People often cite interpreters as the group of Afghans most vulnerable to Taliban reprisal in Afghanistan. However, Afghans who have worked for nonprofit organizations are also in danger, and many are desperate to flee the country.
One such person, I’ll call Farhad. I reached out to him after I learned that the Taliban had taken Herat. Farhad told me that he is terrified of what the Taliban will do to him and his family and wants to find a way to immigrate to the United States. He said he hopes the world will not forget about the Afghan people.
I first met Farhad when he picked me up from the Herat airport in 2012. I was moving there to start a job with an American nonprofit.
“Nice to meet you, Emilie-jan,” said Farhad. Using “jan” after someone’s name is a token of respect and affection in Dari, one of Afghanistan’s languages. Throughout my time in Herat, Farhad was always warm and smiling. I sensed he wanted to bridge our cultural divide by treating me like a friend.
My expat colleagues at the nonprofit felt similarly about Farhad. He was our driver during the week, ready each morning to take us anywhere we needed to go. Farhad was always kind, always asking us how we were and if we’d spoken to our families back home. For the Eid holiday, he invited a few expats to his house to celebrate. He made us feel comfortable and welcome, and we all trusted him completely.
Fifty years old and born in Herat, Farhad is married with five daughters and two sons. He works hard and, for fun, plays volleyball. He is not so different from most people I know, except that he had the misfortune of being born in a country at war since 1979.
When the Taliban invaded, Farhad and his family were at home, hiding. They could hear shooting and explosions from rocket-propelled grenade launchers (RPGs). Businesses closed their doors, and for the next few days, people stayed home. Farhad tells me that Herat is still quiet. Women and girls remain indoors because the Taliban have announced that they should not be in public places, such as work or school, mixing with men.
With the Taliban in power, Farhad is afraid for his life for one main reason: he believes they will punish him for working for the Americans. The Taliban have launched countless attacks on foreign organizations and businesses over the years, including an attack on a Turkish company that left Farhad’s brother dead. Farhad is not wrong in worrying he might be next.
Farhad is also anxious about what will happen to his wife and daughters. His eldest daughter recently graduated from high school and was looking forward to attending university. Now, this doesn’t seem possible. Farhad explained that under Taliban rule from 1996-2001, women were whipped for leaving the house without a burqa or a male escort and were forbidden from working. He thinks they may implement these policies again.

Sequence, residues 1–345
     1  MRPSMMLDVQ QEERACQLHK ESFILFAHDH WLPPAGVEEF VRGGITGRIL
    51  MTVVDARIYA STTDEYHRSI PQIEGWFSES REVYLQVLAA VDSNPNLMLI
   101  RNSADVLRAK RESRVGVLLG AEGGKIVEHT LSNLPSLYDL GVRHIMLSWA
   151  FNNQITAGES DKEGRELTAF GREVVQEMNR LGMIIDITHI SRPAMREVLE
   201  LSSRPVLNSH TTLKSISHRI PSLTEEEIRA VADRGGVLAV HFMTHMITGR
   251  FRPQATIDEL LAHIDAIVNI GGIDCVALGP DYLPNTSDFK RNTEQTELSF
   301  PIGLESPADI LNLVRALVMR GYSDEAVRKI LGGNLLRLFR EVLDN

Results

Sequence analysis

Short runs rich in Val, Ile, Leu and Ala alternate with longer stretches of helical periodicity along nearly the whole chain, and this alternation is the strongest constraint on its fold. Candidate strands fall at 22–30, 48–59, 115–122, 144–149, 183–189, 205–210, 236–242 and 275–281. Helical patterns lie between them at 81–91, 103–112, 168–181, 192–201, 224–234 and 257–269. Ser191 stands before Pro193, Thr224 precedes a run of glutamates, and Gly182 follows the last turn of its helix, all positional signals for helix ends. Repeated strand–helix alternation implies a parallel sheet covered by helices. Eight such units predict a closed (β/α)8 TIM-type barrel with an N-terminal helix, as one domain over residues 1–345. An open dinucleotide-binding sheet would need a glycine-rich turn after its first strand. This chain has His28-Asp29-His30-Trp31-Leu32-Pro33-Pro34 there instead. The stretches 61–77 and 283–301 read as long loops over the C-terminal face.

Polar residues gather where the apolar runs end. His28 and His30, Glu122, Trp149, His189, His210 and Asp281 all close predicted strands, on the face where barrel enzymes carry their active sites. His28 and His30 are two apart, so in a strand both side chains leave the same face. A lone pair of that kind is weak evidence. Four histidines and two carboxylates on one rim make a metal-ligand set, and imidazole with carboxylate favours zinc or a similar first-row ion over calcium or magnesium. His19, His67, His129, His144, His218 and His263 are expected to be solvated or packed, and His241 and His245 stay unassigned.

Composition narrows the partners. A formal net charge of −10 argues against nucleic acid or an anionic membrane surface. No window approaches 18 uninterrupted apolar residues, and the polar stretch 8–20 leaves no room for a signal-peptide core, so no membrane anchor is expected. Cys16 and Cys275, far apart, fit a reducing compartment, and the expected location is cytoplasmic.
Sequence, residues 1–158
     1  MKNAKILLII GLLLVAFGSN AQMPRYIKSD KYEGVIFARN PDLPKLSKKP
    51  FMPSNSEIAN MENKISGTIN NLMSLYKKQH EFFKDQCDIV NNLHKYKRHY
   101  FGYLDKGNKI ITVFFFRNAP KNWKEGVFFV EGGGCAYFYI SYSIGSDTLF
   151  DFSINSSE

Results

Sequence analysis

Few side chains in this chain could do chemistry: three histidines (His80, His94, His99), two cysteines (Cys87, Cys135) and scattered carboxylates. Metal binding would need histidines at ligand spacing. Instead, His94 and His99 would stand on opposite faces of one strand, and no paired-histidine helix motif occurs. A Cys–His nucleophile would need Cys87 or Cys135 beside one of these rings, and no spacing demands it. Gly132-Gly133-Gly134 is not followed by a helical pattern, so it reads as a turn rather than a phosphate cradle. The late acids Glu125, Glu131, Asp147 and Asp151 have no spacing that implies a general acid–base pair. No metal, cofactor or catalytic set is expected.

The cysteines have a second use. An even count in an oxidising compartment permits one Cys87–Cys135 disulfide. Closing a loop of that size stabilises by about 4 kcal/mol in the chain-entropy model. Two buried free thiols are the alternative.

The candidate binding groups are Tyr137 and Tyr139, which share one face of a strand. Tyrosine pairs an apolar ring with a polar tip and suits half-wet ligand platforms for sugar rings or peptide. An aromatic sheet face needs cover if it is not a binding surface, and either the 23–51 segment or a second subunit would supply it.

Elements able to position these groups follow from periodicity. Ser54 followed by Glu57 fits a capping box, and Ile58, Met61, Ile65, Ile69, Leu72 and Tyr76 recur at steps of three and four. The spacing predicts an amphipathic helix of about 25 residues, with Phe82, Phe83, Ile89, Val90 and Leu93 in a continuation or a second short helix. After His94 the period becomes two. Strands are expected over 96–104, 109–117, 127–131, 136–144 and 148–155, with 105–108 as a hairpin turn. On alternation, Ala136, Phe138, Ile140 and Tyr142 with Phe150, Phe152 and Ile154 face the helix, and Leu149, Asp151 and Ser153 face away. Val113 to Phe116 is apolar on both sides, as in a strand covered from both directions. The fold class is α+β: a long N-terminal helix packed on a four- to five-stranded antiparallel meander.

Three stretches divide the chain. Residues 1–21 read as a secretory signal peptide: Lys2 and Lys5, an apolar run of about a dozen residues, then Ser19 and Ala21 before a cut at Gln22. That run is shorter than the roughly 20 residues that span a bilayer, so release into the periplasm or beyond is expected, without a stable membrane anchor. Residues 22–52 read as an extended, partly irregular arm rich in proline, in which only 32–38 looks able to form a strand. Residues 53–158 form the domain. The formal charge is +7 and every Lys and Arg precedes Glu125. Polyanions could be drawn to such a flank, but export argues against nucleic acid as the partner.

Despite the Taliban’s attempts to reassure the world that they’ve softened, Farhad tells me that he does not believe they’ve changed. His daughters grew up in an Afghanistan where women had access to education and were free to work. In this Afghanistan of the past twenty years, the Taliban repeatedly demonstrated their aversion to women’s empowerment, launching numerous attacks on aid workers and activists for their role in promoting Western culture and the mixing of the sexes. It is naïve to think they have changed their values overnight.
When I ask Farhad about the future of his country, he tells me, “I have no hope for Afghanistan. It is now back where it was twenty years ago.”
With the Taliban in control, Farhad wants to get his family out—to the U.S., specifically. “The U.S. is a great country,” he says. “Through my work, I’ve gotten to know its people and language. The future of my children will be good there and we will be safe.”
So how can Farhad become a refugee in the U.S.? Despite his nearly two decades of loyalty to an American NGO that trusted him with the lives of countless expat staff, he must get in line with the thousands of others who did not make it onto one of the evacuation flights.
He applied for a special visa program for those who have worked for American organizations, but hasn’t heard anything back. He is fearful of going to a neighboring country without employment or language skills. With the airport closed to commercial flights, rumors of border closures, and most of the banks shuttered and international money transfer services suspended, leaving Afghanistan seems to be a herculean task.
Even if Farhad makes it out of Afghanistan, the life of a refugee is not easy. After leaving Afghanistan, I volunteered with the Refugee Assistance Program in Washington, D.C. and was matched with an Iraqi family. They lived in a remote housing complex with other refugees, receiving a small stipend for the first few months. Because the husband didn’t speak much English, he’d been placed in a warehouse job processing flowers. The pesticides made him ill, and he decided to quit. His caseworker chastised him. A second chance would be difficult, and a third, unheard of. As I sat with them one afternoon, attempting to explain the contents of a letter from the daughter’s school that said she was failing, I wondered how the family would survive.
Despite being difficult, the life of a refugee receiving minimal support was preferable to life in Iraq. And I see that same dilemma as Farhad seeks to leave Afghanistan.
For many people like Farhad, life in a Taliban-controlled Afghanistan is far worse than life as a refugee. Not only do these Afghan refugees deserve assistance from our governments to escape lives full of fear and oppression, they deserve our compassion and understanding as they endeavor to create a brighter future for themselves and their families.
Picture Credit : Emilie J. Greenhalgh